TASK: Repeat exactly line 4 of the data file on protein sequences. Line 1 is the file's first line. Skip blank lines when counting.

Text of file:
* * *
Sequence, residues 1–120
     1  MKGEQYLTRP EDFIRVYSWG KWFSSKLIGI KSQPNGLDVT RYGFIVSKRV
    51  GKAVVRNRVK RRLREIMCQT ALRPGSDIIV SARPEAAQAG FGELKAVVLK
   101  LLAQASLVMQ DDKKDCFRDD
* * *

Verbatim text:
   101  LLAQASLVMQ DDKKDCFRDD